Miles Okazaki: Trickster
Guitarist Miles Okazaki draws upon a number of inspirations for his fourth album, Trickster, but one in particular seems especially relevant to its style: the Japanese art of origami. The geometrical precision with which the paper forms into a shape from a single uncut square of paper is mirrored in the logical structures of the album's intricate compositions. According to Okazaki, they're all rooted in simple shapes, be it twelve or sixteen bars and 4/4 or 3/4, but that fact “is largely disguised by various rhythmic illusions and internal ‘folds' within the form.”
Another key inspiration is intimated by the title, which alludes to Lewis Hyde's book Trickster Makes This World. In describing this ancient archetypal figure as a creative force who uses “mischief and magic to disrupt the state of things” and who exists “outside of the mainstream, working from the margins, creating movement across the borders,” Okazaki would obviously seem to be describing himself as much as a folklore entity. Certainly there is no shortage of melodic and rhythmic twists and turns in the nine pieces on the album, and Vijay Iyer's description of Okazaki's second album, 2009's Generations, as “the sonic equivalent of Escher or Borges” could be said to apply here also. Track titles, too, are consistent with the album concept, as illustrated by “Eating Earth,” which describes Krishna's mother peering inside his mouth after he's been accused of eating dirt only to discover the entire universe inside.
Musically, it's hard not to detect echoes of Steve Coleman in the material, which is only natural considering that Okazaki's been a member of the saxophonist's Five Elements outfit for the last eight years; certainly Coleman's compositional vision is so strong it can't help but seep into the sensibilities of those around him. Said echoes resonate even more powerfully when Five Elements' bassist Anthony Tidd and drummer Sean Rickman play on the album, a move that only enhances the telepathic quality of the musicians' interactions. Not to be overlooked are the contributions of renowned pianist Craig Taborn, who goes toe-to-toe with the guitarist throughout.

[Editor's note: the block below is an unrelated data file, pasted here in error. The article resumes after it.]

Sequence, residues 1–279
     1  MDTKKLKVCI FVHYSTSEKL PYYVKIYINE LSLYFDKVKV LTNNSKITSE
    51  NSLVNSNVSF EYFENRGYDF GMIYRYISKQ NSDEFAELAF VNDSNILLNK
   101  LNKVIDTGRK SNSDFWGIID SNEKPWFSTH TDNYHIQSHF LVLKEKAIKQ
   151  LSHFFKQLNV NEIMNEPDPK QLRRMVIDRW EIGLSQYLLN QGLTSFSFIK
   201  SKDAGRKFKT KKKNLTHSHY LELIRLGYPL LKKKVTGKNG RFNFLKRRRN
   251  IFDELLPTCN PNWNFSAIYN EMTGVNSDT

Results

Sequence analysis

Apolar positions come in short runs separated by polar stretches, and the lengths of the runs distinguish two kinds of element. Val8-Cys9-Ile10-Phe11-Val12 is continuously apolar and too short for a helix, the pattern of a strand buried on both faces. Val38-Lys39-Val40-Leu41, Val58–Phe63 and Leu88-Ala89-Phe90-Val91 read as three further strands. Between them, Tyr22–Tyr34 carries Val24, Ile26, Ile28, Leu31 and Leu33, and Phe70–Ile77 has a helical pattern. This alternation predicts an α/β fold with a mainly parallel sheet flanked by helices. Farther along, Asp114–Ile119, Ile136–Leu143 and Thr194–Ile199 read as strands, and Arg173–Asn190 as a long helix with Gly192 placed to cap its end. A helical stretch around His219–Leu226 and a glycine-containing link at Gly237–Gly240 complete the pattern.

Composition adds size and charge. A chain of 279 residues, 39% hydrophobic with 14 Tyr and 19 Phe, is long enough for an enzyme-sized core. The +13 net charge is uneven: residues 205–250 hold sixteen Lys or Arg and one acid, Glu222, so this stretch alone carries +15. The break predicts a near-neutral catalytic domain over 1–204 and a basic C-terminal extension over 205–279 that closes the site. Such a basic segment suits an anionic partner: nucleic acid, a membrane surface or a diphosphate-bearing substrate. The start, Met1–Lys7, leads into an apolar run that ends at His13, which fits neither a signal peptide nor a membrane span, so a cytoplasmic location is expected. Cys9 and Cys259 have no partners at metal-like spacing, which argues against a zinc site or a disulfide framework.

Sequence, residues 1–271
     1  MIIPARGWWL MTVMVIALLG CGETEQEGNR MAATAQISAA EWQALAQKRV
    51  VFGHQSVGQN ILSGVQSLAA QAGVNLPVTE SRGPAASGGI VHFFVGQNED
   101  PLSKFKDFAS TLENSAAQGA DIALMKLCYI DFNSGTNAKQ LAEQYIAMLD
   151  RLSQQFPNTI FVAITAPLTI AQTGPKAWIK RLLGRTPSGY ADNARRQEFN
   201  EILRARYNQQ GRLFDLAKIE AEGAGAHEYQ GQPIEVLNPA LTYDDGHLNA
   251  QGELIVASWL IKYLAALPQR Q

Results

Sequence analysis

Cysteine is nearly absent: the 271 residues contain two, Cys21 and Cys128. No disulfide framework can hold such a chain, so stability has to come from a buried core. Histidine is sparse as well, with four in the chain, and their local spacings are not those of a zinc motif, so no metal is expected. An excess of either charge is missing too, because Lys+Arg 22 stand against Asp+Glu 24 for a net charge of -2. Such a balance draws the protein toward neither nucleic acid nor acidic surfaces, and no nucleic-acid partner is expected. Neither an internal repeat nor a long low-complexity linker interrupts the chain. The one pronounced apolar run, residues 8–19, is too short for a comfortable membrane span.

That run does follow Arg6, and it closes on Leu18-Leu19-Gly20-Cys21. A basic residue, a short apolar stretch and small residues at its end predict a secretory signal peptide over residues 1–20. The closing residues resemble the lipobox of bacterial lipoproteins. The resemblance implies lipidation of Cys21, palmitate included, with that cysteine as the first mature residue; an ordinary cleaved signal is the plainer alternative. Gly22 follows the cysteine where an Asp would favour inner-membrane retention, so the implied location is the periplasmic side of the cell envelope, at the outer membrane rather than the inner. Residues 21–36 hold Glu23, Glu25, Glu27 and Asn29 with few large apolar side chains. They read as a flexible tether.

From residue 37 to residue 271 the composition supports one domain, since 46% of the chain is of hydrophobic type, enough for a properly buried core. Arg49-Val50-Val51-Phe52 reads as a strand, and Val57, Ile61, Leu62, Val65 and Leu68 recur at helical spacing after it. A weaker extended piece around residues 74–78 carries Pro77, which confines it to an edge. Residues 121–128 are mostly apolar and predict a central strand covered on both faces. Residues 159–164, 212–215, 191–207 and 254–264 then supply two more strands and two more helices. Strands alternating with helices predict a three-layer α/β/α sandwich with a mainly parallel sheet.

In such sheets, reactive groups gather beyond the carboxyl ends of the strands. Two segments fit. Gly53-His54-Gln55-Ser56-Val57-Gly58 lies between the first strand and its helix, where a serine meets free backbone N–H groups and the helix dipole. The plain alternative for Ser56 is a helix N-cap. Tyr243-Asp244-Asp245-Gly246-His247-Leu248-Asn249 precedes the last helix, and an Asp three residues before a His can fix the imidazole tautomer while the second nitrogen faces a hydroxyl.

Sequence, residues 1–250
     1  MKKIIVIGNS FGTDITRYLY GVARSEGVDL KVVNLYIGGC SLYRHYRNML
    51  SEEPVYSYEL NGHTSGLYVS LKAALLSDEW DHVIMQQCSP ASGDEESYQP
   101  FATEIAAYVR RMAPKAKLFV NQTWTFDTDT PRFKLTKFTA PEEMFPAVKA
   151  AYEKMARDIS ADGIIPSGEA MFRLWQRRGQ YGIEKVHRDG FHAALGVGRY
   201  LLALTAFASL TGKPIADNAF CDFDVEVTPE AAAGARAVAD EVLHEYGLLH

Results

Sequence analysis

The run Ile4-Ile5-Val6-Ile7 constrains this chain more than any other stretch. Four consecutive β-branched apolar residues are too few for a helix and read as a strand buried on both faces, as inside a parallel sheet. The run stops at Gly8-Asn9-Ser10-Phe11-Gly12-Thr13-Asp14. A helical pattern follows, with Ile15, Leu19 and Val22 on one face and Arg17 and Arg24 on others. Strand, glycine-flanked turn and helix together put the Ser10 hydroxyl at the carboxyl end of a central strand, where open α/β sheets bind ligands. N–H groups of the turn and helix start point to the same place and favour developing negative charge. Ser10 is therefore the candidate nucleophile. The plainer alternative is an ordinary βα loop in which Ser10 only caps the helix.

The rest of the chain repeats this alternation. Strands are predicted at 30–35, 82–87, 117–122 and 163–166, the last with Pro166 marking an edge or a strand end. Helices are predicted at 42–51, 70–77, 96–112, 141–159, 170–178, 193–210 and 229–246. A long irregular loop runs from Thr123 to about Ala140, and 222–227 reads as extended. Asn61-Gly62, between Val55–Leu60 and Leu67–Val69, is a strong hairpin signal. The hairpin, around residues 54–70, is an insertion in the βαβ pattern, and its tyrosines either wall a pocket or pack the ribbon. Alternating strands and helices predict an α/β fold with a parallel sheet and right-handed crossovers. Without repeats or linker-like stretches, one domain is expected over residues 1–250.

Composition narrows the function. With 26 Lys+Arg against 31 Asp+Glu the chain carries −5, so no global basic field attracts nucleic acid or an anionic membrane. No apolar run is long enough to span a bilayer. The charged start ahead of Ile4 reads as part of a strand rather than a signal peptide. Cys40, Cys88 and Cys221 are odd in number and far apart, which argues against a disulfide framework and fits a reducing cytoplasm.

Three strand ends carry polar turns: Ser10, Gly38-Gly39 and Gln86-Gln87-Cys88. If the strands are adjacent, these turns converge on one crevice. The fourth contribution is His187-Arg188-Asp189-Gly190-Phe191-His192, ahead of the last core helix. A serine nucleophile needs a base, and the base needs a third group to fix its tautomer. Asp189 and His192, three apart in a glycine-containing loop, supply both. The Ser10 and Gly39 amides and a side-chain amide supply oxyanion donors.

Okazaki's sound is distortion-free and by guitar standards restrained in its attack, but the music doesn't suffer as a result; if anything, a better sense of balance is achieved when the playing of all four is clearly audible at any given time. There are many pleasures to be had: the imaginative soloing by the guitarist (his extended, flurries-rich turn on “The Calendar” a dazzling display of dexterity and invention) and pianist, and the slippery rhythmning of the bassist and drummer; the way Okazaki's compositional structures seem to both open up and fold in over the course of a track; and the feeling of fluid movement that arises despite the relatively modest track times. Things happen at different speeds, from the relaxed slink of “Eating Earth” to the ferocious forward momentum of “The West.”Being advanced music grounded in improvisation and interplay, Trickster does qualify as jazz, though its connections to jazz as traditionally understood are tangential at best. The album's rhythms are more rooted in funk, R&B, and hip-hop than jazz swing—though the music does swing for all that, albeit in a slinky, subversive way rarely heard in traditional jazz circles. Particularly impressive is the way Rickman executes multiple rhythms simultaneously without sacrificing in any way the music's flow, “Eating Earth” an especially good example of the approach; impressive, too, is the harmolodic level the four comfortably operate at in maintaining connections with the others while also playing independently. Though each might seem to be voicing something unrelated and in a different time signature, the elements still align cohesively. It's also a rare moment when all four aren't contributing, yet never does the playing feel overcrowded or unfocused.